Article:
Mexico's Peña Nieto officially named president-elect


Mexico's top electoral court unamimously validated the victory of Institutional Revolutionary Party, or PRI, candidate Enrique Peña Nieto in the July 1 balloting and confirmed him as president-elect.

"The election is valid," the president of the TEPJF electoral tribunal, Jose Alejandro Luna Ramos, said, adding that Peña Nieto "meets the eligibility requirements" to be president-elect according to the constitution.

The ruling came a day after the same court had dismissed a challenge filed by the leftist Progressive Movement coalition, whose candidate, Andres Manuel Lopez Obrador, finished second in the balloting.




Spanish gov't approves "bad bank" for toxic assets


Spain's government approved a new financial sector overhaul required by Brussels as a part of a bank-rescue program, creating an asset-management agency - or "bad bank" - to segregate troubled real-estate assets and paving the way for the orderly resolution of non-viable entities.

The overhaul, the third enacted by Prime Minister Mariano Rajoy's conservative administration since he took office in December, also requires all banks to raise their core capital ratio - a key measure of solvency - from 8 percent to 9 percent.

Deputy Prime Minister Soraya Saenz de Santamaria said in presenting the overhaul in a press conference that it is "a national necessity, essential to recover the loans and financing" urgently needed by small and medium enterprises.

The overhaul, required as a condition for a recently approved euro-zone bailout of up to 100 billion euros ($125.6 billion) for ailing Spanish banks, also bolsters the powers of the state-backed FROB bank-restructuring fund.




2 Hurt in bombing at Colombian prosecutor's office


Two people were injured when a bomb went off at a regional branch of the Colombian Attorney General's Office in the southwestern province of Cauca, authorities said.

The device was planted in the rear of the building in Popayan, Cauca's capital, a spokesman for the AG's office told Efe.

A prosecutor and an occupant of another office in the same building suffered slight injuries in the explosion.

The blast and ensuing fire damaged a storage facility holding evidence for current cases as well as 35 nearby homes, according to a preliminary report from the provincial police commander, Col. Ricardo Alarcon.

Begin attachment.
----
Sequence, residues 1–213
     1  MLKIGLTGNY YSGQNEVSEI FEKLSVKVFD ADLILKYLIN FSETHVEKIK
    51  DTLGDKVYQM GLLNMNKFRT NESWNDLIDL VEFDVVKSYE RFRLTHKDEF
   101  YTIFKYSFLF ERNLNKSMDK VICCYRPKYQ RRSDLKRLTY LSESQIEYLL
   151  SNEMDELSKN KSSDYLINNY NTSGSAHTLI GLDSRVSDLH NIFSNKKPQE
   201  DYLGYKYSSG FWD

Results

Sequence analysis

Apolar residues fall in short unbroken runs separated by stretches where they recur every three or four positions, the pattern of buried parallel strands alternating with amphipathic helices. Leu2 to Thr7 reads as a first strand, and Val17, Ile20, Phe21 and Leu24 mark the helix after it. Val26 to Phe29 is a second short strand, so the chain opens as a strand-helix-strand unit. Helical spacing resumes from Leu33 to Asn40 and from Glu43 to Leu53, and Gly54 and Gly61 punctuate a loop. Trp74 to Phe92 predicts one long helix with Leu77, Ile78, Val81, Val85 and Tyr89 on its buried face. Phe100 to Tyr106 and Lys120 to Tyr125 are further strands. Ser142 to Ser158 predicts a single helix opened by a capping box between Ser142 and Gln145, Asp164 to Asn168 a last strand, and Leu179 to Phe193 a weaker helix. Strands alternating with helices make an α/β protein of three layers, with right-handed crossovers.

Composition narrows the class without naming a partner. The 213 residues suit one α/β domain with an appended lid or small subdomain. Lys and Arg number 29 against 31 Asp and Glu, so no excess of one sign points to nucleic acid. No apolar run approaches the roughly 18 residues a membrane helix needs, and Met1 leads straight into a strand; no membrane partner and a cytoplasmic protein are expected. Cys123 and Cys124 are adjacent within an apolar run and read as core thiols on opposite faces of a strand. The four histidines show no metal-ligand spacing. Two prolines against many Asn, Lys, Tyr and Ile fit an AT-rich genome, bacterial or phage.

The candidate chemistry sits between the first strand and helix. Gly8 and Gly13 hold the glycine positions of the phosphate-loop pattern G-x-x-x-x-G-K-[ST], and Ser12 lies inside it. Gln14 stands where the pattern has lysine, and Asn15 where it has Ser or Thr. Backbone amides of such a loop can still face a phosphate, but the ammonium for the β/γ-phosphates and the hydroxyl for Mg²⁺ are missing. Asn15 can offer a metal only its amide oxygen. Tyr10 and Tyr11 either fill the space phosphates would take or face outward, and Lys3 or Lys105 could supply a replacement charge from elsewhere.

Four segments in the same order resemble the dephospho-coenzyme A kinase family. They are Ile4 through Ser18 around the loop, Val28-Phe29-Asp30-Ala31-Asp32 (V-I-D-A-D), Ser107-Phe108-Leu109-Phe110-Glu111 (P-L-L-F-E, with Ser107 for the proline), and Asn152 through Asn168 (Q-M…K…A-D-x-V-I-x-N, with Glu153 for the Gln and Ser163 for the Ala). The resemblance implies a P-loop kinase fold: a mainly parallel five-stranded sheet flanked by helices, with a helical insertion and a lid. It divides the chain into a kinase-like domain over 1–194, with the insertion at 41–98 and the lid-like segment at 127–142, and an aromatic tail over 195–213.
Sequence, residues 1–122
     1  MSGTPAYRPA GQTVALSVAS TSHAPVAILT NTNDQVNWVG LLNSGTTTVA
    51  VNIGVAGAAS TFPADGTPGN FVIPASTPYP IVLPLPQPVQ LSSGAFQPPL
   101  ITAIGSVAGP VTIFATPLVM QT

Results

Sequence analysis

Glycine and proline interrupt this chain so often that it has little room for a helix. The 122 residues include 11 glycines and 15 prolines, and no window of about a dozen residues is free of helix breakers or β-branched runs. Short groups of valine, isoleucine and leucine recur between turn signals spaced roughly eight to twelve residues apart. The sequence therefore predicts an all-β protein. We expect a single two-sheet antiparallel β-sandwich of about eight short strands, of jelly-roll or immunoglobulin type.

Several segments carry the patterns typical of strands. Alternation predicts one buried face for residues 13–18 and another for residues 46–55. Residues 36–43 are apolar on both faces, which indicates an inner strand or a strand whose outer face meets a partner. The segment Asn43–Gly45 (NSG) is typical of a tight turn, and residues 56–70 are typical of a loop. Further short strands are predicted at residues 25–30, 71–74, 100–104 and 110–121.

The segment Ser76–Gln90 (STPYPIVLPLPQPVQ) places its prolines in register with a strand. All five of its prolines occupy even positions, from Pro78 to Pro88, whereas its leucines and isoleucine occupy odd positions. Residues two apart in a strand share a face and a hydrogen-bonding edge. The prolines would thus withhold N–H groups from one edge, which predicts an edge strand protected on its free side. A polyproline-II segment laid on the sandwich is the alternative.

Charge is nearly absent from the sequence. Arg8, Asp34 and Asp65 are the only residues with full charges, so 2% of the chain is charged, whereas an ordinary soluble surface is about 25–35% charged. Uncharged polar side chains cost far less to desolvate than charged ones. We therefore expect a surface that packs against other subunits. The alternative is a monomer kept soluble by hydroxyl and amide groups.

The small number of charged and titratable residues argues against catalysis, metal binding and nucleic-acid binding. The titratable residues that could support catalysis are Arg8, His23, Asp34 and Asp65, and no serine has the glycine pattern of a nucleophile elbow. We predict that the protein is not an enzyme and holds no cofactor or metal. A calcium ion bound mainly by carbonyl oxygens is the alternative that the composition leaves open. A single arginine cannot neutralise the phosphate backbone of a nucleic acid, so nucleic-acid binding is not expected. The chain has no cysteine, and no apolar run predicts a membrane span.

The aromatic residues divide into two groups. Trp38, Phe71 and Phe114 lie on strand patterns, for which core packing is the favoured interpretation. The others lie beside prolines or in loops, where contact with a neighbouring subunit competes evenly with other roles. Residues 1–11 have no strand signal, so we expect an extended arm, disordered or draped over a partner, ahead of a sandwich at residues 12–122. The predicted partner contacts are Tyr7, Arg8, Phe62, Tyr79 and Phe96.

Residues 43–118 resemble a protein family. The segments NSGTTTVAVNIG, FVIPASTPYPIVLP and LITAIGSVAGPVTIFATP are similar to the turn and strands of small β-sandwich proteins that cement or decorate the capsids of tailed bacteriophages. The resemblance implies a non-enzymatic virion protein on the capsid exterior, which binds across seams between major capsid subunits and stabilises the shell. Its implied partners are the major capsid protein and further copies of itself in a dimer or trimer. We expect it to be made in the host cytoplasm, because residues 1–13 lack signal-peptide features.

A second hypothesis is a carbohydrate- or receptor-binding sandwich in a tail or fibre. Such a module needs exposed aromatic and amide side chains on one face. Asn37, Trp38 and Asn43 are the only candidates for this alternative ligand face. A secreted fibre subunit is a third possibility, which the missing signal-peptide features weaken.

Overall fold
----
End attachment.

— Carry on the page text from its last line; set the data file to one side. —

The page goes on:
Spain fire leaves 1 dead, 5 injured, forces thousands from homes


The fire devastating the province of Malaga in southern Spain has left one person dead and five injured while forcing 5,000 people from their homes in municipalities on the edge of the blaze, Andalusian authorities said Friday.

The charred body of an elderly man was found by police in a toolshed in the Malaga municipality of Ojen, which has been evacuated and is being cleared of rubble since they have reason to believe that a second victim might be found there, the officers said.

Firefighters were focusing their efforts on the Ojen area, since the flames leaped across the highway that connects that village with the tourist mecca of Marbella.




Venezuelan TV cameraman accused of attempted murder


A cameraman with the Globovision network is wanted for attempted homicide in connection with a shooting at a farm near the Venezuelan capital, Interior Minister Tareck El Aissami said.

When some of the workers at a collective farm objected to the "unauthorized" presence of a three-person Globovision news crew, cameraman Frank Tolosa opened fire, wounding one of the farm managers, El Aissami told a press conference.

He said the other two members of the Globovision crew admitted to entering the farm without permission and confirmed that Tolosa shot the manager, whose injuries were not life-threatening.

Globovision, which is strongly critical of the administration of leftist President Hugo Chavez, said earlier this week that its news crew was present at Tuesday's incident on the farm and that the network had already shared the information with authorities.




Mexico to monitor crops, fisheries via satellite


Mexico's government said it will begin using satellites next month to track the country's agricultural and fishery production on a "permanent and increasingly precise" basis.

The monitoring will be carried out by the Agricultural and Fisheries Information Service, or SIAP, the Agriculture, Livestock, Rural Development, Fisheries and Food Secretariat said in a statement Thursday.

It added that SIAP will receive the support of French firm Astrium, which will put a satellite into orbit to process "information on climate, soil, seas and crop location."

The SPOT 6 satellite is currently situated at India's Satish Dhawan Space Center in preparation for its scheduled launch in September. Mexico also will have information delivered from two other satellites - SPOT 4 and SPOT 5 - to the new ERMEXS ground station due to be inaugurated in late September.